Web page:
The minimalistic scenic design by Erhard Rom avoids the pitfall of offering up a picture-book pretty, sweetly romanticized image of Parisian life. The Act 1 garret is suggested more than depicted by set elements such as a crumbling wall, an old doorway and a grimy slanted skylight. Lovely snowflakes may drift down on Mimi and Rodolfo as they sing their lovers’ duet in Act 3 at the city gates, but behind them is a dreary, dirty lump of mounded city snow.
The production moves the time period from Puccini’s 1840s to the 1890s and the golden age of French humanist photography, a visual thread suggested by the backdrops of street photographs from the time period and the presence of a young photographer with an old-fashioned, explosive flash among the street vendors and passers-by outside the Café Momus in Act 2. The monochromatic period photographs projected as backdrops throughout serve up a familiar Paris, but also one that has a touch of something appropriately grubby and forlorn about it, with its barren trees, dirty (and often hauntingly empty) streets and old gaslights.
The cast is strong throughout, and opening night seemed to belong to the men, Italian tenor Gianluca Terranova as Rodolfo in particular. His youthful, heroic and clear voice perfectly suggests the poetic, dreamy nature of the character in Act 1, but it can also just as beautifully convey the later anguish and troubled self-awareness that come to the character in Act 3.
The opening scene in the artists' garret is especially well done here under the hand of Artistic Director Tomer Zvulun, who has an appealingly accessible touch with comedy. There's a liveliness and naturalism to the knockabout pranks and spirited high jinks of the impoverished artists in their garret that's so memorable and alive, it inevitably becomes the ironic backdrop for the later sobering tragedy that plays out in the same spot, with baritone Trevor Scheunemann as Marcello another standout among the male singers in both realms.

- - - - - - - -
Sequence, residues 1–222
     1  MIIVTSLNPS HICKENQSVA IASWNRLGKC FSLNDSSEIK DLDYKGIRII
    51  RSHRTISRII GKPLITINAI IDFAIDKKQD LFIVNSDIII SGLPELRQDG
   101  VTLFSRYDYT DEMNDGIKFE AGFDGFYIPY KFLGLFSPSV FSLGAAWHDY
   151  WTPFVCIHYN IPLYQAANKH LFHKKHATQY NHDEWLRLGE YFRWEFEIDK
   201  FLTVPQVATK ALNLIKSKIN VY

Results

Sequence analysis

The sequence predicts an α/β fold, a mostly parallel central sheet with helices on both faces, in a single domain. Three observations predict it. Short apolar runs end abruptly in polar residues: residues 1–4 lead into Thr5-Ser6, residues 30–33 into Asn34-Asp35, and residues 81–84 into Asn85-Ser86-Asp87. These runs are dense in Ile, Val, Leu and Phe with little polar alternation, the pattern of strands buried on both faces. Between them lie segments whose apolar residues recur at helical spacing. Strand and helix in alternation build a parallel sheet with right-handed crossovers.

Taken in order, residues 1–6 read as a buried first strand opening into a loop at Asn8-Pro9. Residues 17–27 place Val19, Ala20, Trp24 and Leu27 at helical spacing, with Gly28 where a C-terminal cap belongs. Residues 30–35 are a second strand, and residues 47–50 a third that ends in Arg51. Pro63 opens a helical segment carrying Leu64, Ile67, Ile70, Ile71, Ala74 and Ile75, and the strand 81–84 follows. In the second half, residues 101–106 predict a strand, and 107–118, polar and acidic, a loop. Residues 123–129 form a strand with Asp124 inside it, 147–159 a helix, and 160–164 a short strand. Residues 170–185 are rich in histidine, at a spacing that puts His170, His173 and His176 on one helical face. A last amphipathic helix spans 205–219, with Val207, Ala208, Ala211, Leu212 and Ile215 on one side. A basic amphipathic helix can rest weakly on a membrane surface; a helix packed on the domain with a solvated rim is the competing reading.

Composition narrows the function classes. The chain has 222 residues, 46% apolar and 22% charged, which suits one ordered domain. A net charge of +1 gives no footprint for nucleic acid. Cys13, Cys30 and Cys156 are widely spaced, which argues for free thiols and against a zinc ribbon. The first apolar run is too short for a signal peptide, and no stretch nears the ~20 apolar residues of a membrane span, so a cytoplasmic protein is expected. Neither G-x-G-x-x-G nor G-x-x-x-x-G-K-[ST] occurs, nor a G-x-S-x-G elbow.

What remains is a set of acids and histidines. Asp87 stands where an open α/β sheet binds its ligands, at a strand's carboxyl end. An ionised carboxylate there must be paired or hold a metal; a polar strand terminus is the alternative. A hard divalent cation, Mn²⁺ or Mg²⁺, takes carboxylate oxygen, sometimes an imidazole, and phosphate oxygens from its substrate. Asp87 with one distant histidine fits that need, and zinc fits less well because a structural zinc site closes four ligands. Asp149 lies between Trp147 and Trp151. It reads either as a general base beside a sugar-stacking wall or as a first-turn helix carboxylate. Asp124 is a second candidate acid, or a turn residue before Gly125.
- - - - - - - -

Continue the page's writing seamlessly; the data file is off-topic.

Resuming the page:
Maria Luigia Borsi conveys the meekness of Mimi, but the initial entrance on opening night was too meek and soft, almost hard to hear. The soprano more than makes up for it with stronger moments in later scenes, such as a touching performance in Act 3 as the character suggests to Rodolfo that he keep her pink bonnet to remember her by or in her final reminiscence in Act 4 about their first meeting. Her voice sounds especially fine when combined with Terranova's in duets, one of the most crucial and moving aspects of the show.
Atlanta resident and Lincolnton native Leah Partridge gives us a Musetta that's proud and brazen, but also intuitive and sympathetic, a blend of trash and class, a flash of color and self-determination in an otherwise dingy city. She avoids making the famous "Quando m'en vo" aria a simple, lovely ditty, but brings out the character's use of it as taunt and manipulation. The orchestra performs the lushness and grandeur of Puccini's score under conductor Arthur Fagen but also adapts to the score's quieter moments and intimate moments of subtly mounting drama.
With fantastic melodies and a simple but moving storyline, “La Bohème” is a timeless classic for longtime fans and first-timers alike. Against the backdrop of an engagingly complex city, the Atlanta Opera’s lively and quickly paced production brings out the universal appeal and heart-melting melodies of Puccini’s great work.